African Union holds urgent meeting on GERD



Fri, 26 Jun 2020 - 12:59 GMT


Fri, 26 Jun 2020 - 12:59 GMT

President Abdel Fatah al-Sisi receives chairmanship of the African Union from Rwandan President- press photo

President Abdel Fatah al-Sisi receives chairmanship of the African Union from Rwandan President- press photo

CAIRO - 26 June 2020: The African Union will hold an urgent virtual meeting on Friday in Addis Ababa, to discuss the developments in the stalled negotiations of the Grand Ethiopian Renaissance Dam (GERD), the Sudanese News Agency (SUNA).

The meeting will be chaired by South African President Cyril Ramaphosa, the head of the African Union in 2020.

The urgent meeting was announced few hours after a phone call conducted between President Abdel Fattah El-Sisi and his South African counterpart, as both leaders tackled Egypt's request to the UN Security Council to intervene in the issue of the dam to reach a fair and balanced agreement that takes into account the interests of all parties, according to Egyptian Presidential Spokesperson Bassam Radi in a statement.

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CAIRO - 26 June 2020: President Abdel Fattah El-Sisi received a phone call from South African President Cyril Ramaphosa, the head of the African Union in 2020, discussing the issue of the controversial Grand Ethiopian Renaissance Dam (GERD) on Thursday evening, announced Egyptian Presidential Spokesperson Bassam Radi in a statement.

Meanwhile, Sudanese Prime Abdullah Hamdouk conducted an online meeting with Ethiopian Prime Minister Abiy Ahmed and UN Secretary-General António Guterres, Ahmed posted on his official Twitter account on Thursday.

Two days ago, Hamdouk and Ramaphosa discussed the ways of resumption of the tripartite negotiations between Egypt, Sudan and Ethiopia over the dam. They agreed on urging Egypt and Ethiopia to return to the negotiating table as soon as possible, the statement added.

Other African countries are pushing forward resuming the negotiations; Cabinet Secretary and Ministry of Water, Sanitation and Irrigation of Kenya Sicily Kariuki called upon the governments of the three countries to “solve outstanding issues over the GERD through dialogue,” stated the Ethiopian Ministry of Foreign Affairs in a statement on Twitter account.

Since 2014, Egypt, Ethiopia, and Sudan have entered into negotiations of the building of the dam to avoid any possible threats on the Nile downstream countries [Egypt and Sudan]. The latest round of the talks which convened early June reached a stalemate, ahead of the Ethiopian unilateral act of filling the dam’s reservoir mid-July without reaching a final agreement among the three countries.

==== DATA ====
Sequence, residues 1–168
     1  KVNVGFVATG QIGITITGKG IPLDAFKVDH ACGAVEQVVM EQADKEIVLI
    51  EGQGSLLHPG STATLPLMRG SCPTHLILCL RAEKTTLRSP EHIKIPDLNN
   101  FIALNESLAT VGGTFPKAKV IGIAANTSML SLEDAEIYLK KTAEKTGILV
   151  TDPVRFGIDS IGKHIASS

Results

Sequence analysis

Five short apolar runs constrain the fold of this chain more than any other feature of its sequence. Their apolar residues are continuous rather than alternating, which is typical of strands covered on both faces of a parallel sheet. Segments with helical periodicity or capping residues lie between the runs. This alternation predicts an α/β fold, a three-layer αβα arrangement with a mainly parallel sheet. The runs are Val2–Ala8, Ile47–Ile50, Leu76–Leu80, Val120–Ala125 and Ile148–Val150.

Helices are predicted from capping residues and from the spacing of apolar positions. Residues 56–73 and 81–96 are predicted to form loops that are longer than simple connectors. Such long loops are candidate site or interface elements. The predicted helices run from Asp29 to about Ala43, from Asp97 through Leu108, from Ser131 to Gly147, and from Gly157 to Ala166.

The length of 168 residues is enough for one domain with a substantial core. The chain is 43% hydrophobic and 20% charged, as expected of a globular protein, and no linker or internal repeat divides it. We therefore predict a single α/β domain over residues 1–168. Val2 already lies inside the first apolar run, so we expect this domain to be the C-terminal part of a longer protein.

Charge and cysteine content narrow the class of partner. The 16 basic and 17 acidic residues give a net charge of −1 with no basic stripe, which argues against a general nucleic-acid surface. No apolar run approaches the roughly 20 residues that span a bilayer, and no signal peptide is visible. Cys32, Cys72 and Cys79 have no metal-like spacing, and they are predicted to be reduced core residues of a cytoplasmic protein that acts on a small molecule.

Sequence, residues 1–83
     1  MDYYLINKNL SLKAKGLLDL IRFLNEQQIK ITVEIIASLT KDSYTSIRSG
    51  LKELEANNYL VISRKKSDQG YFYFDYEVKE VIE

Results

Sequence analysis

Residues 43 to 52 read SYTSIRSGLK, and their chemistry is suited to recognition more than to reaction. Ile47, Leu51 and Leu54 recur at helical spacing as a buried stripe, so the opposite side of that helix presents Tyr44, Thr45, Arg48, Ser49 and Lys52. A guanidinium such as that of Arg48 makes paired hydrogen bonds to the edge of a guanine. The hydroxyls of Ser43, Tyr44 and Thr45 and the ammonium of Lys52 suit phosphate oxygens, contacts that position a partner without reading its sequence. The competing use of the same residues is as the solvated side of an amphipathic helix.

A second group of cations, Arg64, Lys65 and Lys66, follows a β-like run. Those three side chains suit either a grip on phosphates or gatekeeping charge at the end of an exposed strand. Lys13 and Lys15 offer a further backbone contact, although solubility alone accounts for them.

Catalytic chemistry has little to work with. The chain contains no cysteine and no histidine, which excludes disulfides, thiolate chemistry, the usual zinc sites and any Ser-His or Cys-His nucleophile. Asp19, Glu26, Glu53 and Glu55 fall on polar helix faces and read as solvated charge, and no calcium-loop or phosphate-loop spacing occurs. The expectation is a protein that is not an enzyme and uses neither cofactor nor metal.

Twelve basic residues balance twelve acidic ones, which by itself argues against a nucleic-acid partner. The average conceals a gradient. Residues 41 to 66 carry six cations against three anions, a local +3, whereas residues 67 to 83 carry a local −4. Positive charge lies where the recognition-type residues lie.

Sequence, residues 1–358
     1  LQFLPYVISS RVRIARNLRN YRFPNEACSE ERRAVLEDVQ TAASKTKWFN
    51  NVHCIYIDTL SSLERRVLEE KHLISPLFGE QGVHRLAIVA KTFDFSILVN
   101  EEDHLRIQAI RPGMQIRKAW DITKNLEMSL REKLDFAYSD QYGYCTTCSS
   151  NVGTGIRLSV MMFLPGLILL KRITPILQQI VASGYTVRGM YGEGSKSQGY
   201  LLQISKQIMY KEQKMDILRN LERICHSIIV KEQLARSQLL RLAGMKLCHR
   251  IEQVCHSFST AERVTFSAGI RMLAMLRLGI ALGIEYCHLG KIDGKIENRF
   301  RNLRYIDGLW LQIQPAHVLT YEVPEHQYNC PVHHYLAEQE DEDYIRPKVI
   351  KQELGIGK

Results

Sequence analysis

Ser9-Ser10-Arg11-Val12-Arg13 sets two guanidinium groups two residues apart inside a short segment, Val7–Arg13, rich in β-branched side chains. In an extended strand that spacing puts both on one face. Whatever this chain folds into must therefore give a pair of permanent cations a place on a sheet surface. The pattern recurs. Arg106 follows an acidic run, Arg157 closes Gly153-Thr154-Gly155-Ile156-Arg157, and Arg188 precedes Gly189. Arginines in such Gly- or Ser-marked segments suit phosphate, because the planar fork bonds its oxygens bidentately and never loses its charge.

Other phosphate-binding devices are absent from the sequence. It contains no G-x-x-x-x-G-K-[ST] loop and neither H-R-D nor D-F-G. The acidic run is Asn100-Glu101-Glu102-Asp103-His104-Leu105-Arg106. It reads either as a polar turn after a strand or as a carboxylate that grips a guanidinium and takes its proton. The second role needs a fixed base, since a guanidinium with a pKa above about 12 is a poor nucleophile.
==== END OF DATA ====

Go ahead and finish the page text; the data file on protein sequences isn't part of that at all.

Egypt last week decided to request the United Nations Security Council’s intervention in the dispute on Ethiopia’s massive dam after Egypt said several times that the two countries have been deadlocked over the dam.

By referring the issue to the Security Council, in accordance with articles 34 and 35 of the United Nations Charter, Egypt requests the council to undertake its responsibilities in preserving international peace and security and pressurize Ethiopia into committing itself to the international law on international watercourses and refraining from filling the dam’s reservoir before a tripartite agreement is reached.

Egypt’s President Abdel Fattah El Sisi on Wednesday urged the government to currently abide by the diplomatic path of negotiations, in an effort to solve the GERD crisis, the Presidency said.

Egyptian Ministry of Water Resources and Irrigation Mohamed Abdel-Atti said in a statement that Ethiopia also sought to obtain an absolute right to establish projects on the upper reaches of the Blue Nile River. It also refrained from agreeing on including a binding legal mechanism to settle disputes and effective procedures to face drought in the GERD agreement, he added.

The difference between Egypt, Sudan, and Ethiopia dates back to May 2011 when Ethiopia started building the dam; Egypt voiced concern over its water share [55.5 billion cubic meters]. Three years later, a series of tripartite talks between the two countries along with Sudan began to reach an agreement while Ethiopia continued the dam construction.

In 2015, the three countries signed the Declaration of Principles, per which the downstream countries should not be negatively affected by the construction of the dam. Since then, the talks have been resumed, but In October 2019 blamed Addis Ababa for hindering a final agreement concerning a technical problem, calling for activating the Article No. 10 of the Declaration of Principles, which stipulates that if the three countries could not find a solution to these differences, they have to ask for mediation.

Additional reporting by Amr Mohamed Kandil



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